I thought I would post a little bit about MY transplant experience. Let me just say that if a major organ is going to fail in your body, you are fortunate if it's the kidney. You can live for an extended period of time without functioning kidneys thanks to technology and today's dialysis. I have heard horror stories about life on dialysis, and hopefully it's a temporary soluton for most people until they can receive a kidney from a living donor or a cadaver. I was extremely fortunate in that as soon as we learned I would need a transplant, my mother went ahead and did all the necessary testing to see if she would be a good candidate for donation. This was over a year before I actually had the transplant. Then it was just a wait and see time. We'd watch my labwork get worse and worse until the doctors said that we needed to schedule the transplant in December of 2002. They said that my kidneys were functioning at about 15%. They actually couldn't believe I was able to work a 40 a week job with my lab work being what it was. It was such a gradual decline that I didn't even notice how sick I had become. And I was so fortunate that I never had to go on dialysis, and that I was able to have a living/related donor. Many people in my situation have to wait years for a transplant. Just to have a chance at a normal life- to be able to actually go to the bathroom and eat and drink normal foods! When I actually had my transplant, they said the color returned to my face almost immediately. Something you may not know about kidney transplants is that they do not remove the existing "dead" kidneys. They just add the new kidney to your abdomen! Scott was funny when I had the transplant- he thought it was like changing a lightbulb- take one out and screw the new one in! Here's a diagram of how a kidney transplant works:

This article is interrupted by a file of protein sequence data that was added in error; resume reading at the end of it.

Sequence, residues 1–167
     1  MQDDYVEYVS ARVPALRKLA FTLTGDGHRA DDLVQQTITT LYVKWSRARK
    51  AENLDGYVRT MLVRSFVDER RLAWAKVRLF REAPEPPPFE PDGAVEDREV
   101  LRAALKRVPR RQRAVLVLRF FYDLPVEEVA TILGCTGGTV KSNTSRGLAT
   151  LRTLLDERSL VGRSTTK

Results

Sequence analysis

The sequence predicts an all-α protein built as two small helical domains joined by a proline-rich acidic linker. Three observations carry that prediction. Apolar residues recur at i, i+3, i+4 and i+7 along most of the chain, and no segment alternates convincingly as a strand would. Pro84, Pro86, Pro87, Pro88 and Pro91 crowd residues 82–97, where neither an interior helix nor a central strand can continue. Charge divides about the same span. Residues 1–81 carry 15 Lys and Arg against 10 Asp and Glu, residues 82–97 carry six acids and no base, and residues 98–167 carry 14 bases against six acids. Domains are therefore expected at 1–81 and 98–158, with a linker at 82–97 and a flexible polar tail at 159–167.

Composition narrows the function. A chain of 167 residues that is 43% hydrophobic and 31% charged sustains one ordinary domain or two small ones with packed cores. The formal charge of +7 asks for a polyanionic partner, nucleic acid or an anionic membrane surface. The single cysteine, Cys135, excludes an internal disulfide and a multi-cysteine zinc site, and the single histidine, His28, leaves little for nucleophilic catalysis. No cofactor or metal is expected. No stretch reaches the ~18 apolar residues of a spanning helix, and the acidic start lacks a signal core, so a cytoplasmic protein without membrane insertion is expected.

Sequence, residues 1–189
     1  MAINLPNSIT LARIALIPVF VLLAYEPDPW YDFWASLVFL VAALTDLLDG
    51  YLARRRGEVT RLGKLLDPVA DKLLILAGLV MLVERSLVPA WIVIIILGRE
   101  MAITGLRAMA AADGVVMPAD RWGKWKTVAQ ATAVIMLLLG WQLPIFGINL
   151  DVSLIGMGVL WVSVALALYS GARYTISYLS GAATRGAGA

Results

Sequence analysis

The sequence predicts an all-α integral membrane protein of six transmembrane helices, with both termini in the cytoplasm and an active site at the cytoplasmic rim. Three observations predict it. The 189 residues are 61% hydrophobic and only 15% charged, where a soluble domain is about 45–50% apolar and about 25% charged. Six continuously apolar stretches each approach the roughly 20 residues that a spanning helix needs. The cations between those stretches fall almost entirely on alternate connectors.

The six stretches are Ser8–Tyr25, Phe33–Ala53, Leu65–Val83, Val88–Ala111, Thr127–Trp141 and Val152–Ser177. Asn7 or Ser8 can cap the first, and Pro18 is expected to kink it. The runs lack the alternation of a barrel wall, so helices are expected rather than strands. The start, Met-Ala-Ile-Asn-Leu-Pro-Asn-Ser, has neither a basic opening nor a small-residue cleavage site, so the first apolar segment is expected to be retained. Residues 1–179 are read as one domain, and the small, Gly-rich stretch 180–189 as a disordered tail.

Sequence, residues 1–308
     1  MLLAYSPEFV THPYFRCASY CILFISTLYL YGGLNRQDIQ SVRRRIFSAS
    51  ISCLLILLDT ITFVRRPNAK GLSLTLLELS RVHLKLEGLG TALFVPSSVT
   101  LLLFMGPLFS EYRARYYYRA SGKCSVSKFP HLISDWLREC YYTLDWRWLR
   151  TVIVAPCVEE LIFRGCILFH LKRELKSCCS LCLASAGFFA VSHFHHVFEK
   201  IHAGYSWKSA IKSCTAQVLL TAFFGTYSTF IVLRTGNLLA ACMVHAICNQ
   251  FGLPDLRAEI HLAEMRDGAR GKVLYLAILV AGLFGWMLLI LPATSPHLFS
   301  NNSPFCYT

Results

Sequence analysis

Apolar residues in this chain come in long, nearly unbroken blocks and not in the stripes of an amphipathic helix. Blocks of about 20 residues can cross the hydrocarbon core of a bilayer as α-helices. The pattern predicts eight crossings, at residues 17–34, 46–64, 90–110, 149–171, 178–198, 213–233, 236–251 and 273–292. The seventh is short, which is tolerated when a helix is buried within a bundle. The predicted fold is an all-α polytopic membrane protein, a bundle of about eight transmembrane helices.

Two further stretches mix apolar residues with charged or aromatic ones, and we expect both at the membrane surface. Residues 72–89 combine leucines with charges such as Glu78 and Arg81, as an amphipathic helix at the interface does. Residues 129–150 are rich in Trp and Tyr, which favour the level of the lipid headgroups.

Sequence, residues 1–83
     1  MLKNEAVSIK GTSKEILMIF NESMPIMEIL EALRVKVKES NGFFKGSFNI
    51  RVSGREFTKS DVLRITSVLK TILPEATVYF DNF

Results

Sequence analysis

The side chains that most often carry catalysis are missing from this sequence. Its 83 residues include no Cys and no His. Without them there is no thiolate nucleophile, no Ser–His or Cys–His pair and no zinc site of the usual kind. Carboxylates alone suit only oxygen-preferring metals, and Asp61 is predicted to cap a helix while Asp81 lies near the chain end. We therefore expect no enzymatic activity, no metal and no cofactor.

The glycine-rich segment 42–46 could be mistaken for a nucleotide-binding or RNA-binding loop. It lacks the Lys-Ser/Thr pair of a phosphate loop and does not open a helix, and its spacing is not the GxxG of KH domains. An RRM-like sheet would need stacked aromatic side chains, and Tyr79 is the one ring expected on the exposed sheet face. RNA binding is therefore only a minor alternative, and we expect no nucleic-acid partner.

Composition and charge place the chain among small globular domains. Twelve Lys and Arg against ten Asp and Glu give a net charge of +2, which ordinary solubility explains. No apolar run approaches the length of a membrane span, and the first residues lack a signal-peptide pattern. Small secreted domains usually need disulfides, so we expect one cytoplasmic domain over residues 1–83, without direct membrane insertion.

So after you've had the transplant, the waste and toxins are filtered through the dead kidneys and then filter through the new/donor kidney and THEN they go to the bladder. It's a very interesting process.
I've had my mother's kidney since February 13, 2003, more than 5 years. That's a BIG milestone. And my labwork has been perfect since day one- no rejection episodes at all. I thank God every day for "healing" me through this new kidney and for giving me an "almost" normal life. One day I want to give back and do some fundraising or public awareness for the National Kidney Foundation or the Georgia Transplant Foundation. I also want to play in the Transplant Olympics... I know they could use my volleyball skills. :)